The Wall Street Journal recently sat down at the All Things Digital conference in California with Stanford University president John Hennessy and Salman Khan, founder of the Khan Academy, a non-profit online-learning organization, to discuss how online learning efforts offered by both traditional four-year universities and organizations such as Khan Academy might help bend the cost curve for colleges.

Mr. Khan points out that universities usually justify rising costs by pointing to the need to hire top rate faculty, expand facilities, and have top flight students services while, somewhat conversely, students say they are willing to take on $60,000 of debt only because they “need the credential” to get a job.  Universities are raising tuition to create an immersive educational experience while many students are paying higher and higher tuition because they need the diploma to be competitive in the job market.  Mr. Khan argues that an online educational experience could essentially deliver that “credential” without the high costs on both school and student of providing a holistic experience.  This would require a paradigm shifts of sorts, where credentials could be earned based on what you know and what you have learned and not where you acquired the knowledge.

Similarly, under Mr. Hennessy, Stanford has begun putting lectures online that would otherwise be delivered in large lecture halls and using classrooms for courses that inherently require person to person interaction.  Obviously, the more universities can relegate classes to the internet without sacrificing quality, the less need there is to continually build and upgrade physical learning facilities and to recruit more and more faculty to staff the classes.  Mr. Hennessy predicts that there may eventually be a hybrid type model at major universities, where students take a major portion of their classes online and go into the classroom only occasionally.  This will be useful especially for associate degrees or degrees that lend themselves to cyber learning, such as Internet programming.  While the outcomes of such efforts are too recent to be evaluated, technology will no doubt continue to play a role in the growing debate about how to cut down college costs.

Posted by: Sean Norris

Sources: The Wall Street Journal, The New York Times, The Chronicle of Higher Education

Photo Credit: Asa Mathat of All Things Digital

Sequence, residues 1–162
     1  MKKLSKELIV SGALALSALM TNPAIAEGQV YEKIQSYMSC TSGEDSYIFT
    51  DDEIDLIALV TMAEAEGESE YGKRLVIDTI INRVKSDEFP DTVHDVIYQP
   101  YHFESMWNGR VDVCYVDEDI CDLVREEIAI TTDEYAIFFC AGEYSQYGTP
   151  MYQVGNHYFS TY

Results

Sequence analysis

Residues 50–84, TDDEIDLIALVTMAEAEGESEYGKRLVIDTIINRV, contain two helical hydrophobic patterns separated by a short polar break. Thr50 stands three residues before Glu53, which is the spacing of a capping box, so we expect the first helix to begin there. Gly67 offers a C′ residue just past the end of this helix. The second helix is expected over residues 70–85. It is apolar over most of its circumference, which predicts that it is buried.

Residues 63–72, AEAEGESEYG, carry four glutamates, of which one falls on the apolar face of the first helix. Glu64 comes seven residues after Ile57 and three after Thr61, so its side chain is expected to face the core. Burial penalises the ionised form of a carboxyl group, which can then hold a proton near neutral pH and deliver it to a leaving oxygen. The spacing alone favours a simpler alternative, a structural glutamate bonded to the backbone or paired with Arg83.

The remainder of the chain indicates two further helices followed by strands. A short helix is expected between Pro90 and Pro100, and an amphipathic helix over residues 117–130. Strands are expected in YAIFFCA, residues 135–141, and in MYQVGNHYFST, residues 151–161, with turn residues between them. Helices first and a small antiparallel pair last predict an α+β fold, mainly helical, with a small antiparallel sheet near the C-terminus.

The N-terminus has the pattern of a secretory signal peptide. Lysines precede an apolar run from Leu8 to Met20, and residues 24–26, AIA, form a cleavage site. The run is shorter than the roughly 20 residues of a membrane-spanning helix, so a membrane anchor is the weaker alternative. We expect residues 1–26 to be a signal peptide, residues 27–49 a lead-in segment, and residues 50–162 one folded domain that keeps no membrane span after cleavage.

Is a 4-year college degree still the answer?

In a recent article from the Washington Post, more and more students are finding alternative means of getting an education preferable to going to college. It’s been long since the post-World War II era, where college enrollment spiked from 2.3 million to 12.1 million students. Now, fewer than 60% of college freshman now graduate within six-years. In a recent survey by Public Agenda, 50% of college dropouts cited working as a major factor in their decision, which makes sense seeing that the debt of college dropouts has now topped $1 trillion according to the Consumer Financial Protection Bureau. And this amount could increase as more and more students find occupational advantages to dropping out and not taking on the massive amounts of debt needed to complete a four-year degree.

The U.S. Department of Education recently found that college dropout rates have increased by 38% in the last decade, and that dropout rates amongst for-profit, four-year institutions have spiked from 34% to 54% since 2001. So how can a nation with increased dropout rates still compete in today’s global economy? Professor Robert Lerman of American University proposes instituting apprenticeship programs for college students that would pay them to participate in classroom trainings that would give them the skills needed to matriculate into occupation they want to take on. In 2008, 0.3% of the total U.S. workforce participated in apprenticeship programs registered with the Department of Labor. But Berman argues that in the EU, countries like Germany, Austria and Switzerland, with much greater reading, writing and math literacy than in the United States enroll nearly 50-70% of their young people in apprenticeship programs.

Although, the Obama Administration has made increasing graduate rates a focal point of his 2012 campaign, today’s “college-crazed” culture, as Robert Samuelson puts it, “cheapens the value of a college degree and spawns the delusion that only the degree — not the skills and knowledge behind it — matters.”